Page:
While dozens of people have already lost their lives due to the floods in KwaZulu-Natal and many more are missing, neither the police nor the Defence Force has any helicopters available for disaster management or rescue operations.
The police's air force unit in Durban reportedly has one working helicopter available, but the pilot is sick, so another pilot from Nelspruit had to be called in to help.
Airworthy helicopters are currently a national problem. In Bloemfontein, only one of the three police helicopters is reportedly in a working condition.
The South African Nation Defence Force's (SANDF) fifteenth squadron also does not have an available helicopter to help.
This squadron supposedly has two working helicopters, but according to the FF Plus's knowledge, these two helicopters are currently being used in Port Elizabeth, where there has not been a single working police helicopter available since the beginning of last year (TimesLive; 8 March 2021: Police wings clipped as helicopters don’t fly in Eastern Cape).
Clearly, the police's service in the air is in many cases just as poor as on the ground. This situation is unacceptable and lets the public down.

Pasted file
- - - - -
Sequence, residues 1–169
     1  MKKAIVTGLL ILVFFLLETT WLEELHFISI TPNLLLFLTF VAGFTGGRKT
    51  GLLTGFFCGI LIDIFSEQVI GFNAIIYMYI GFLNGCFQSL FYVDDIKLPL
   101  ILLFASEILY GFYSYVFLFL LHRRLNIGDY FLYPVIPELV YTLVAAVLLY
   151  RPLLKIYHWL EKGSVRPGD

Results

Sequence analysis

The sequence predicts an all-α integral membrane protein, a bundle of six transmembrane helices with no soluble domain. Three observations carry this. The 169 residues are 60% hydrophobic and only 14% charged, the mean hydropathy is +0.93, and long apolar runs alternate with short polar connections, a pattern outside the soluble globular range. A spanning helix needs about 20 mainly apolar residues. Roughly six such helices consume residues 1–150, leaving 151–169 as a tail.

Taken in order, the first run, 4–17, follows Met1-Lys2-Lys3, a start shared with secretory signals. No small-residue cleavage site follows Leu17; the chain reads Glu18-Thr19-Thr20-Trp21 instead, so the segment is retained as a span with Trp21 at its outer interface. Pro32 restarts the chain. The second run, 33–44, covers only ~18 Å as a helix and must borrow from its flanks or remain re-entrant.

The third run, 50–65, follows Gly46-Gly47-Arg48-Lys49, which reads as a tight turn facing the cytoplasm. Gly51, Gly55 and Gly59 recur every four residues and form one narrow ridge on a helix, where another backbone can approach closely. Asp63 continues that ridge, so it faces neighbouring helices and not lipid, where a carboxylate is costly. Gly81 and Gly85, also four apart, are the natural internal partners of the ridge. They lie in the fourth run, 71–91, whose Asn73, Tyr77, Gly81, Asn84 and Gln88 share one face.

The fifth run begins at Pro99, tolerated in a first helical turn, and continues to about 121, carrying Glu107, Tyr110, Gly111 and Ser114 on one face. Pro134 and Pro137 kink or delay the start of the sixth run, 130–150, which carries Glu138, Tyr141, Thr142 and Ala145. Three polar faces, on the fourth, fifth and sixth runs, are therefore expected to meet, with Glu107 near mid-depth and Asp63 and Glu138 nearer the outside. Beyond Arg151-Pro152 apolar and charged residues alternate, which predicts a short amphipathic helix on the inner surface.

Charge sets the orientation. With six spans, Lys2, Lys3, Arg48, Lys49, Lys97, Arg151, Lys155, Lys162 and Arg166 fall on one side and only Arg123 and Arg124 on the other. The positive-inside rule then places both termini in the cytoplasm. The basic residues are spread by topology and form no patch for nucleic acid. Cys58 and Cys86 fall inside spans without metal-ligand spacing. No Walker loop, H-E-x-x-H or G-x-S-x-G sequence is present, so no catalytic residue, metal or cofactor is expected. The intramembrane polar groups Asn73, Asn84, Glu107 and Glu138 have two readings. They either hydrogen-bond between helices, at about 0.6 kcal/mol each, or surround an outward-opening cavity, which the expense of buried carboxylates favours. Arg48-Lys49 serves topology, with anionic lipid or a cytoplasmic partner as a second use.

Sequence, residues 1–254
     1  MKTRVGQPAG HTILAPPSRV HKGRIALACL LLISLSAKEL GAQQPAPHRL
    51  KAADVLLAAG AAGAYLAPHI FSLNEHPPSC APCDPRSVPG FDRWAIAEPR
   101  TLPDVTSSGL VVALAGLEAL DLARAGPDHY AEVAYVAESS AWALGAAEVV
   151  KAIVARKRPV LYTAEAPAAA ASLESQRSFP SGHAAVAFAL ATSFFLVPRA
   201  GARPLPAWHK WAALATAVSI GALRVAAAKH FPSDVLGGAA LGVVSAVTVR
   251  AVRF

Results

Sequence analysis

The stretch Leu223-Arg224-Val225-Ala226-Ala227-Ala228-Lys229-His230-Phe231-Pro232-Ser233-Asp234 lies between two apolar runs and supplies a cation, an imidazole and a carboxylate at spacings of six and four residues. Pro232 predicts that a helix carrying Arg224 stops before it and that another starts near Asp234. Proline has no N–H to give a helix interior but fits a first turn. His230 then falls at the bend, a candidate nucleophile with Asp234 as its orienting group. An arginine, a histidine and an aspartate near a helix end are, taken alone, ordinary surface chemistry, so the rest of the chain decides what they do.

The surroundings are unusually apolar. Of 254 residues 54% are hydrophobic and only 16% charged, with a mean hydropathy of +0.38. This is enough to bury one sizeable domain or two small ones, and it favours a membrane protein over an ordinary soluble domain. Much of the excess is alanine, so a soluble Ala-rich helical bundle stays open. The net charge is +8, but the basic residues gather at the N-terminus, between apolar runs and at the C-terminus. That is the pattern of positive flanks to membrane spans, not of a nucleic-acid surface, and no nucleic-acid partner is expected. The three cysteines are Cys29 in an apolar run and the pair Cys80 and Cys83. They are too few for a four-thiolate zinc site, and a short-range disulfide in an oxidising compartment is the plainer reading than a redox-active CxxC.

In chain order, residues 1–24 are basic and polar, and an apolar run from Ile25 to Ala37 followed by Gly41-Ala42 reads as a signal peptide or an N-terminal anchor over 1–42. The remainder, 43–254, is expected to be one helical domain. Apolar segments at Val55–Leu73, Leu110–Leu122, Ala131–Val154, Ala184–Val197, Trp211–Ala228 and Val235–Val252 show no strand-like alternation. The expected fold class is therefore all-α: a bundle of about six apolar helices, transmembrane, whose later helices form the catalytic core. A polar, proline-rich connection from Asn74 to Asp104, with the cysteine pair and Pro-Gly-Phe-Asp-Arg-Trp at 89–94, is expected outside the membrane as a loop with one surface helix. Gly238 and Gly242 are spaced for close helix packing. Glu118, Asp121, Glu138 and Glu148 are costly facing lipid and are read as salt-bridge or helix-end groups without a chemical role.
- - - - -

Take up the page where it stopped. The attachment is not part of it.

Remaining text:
The lack of air support during the floods may directly contribute to people dying, who could otherwise have been saved.
The new Police Commissioner, Gen. Fanie Masemola, must treat the helicopter situation as a priority seeing as the police's air force, and helicopters in particular, plays a significant role in fighting crime.
Air support is especially valuable when looking for suspects who are on the run after committing crimes like truck- and carjackings.
Recent briefings delivered by Denel and Krygkor to Parliament's Portfolio Committee on Defence also clearly showed that the SANDF's air power has deteriorated significantly.
According to this, only 21% of the Defence Force's entire air force is currently operational (BusinessTech; 17 February 2022: Only a fraction of South Africa’s airforce is operational right now).
It includes, among other things, 4 of the 11 Red Falcon Helicopters that are airworthy and 17 of the 39 Oryx helicopters.
What is alarming about all this is that the situation keeps deteriorating and if left unchecked, the country will have no air force to speak of in the very near future.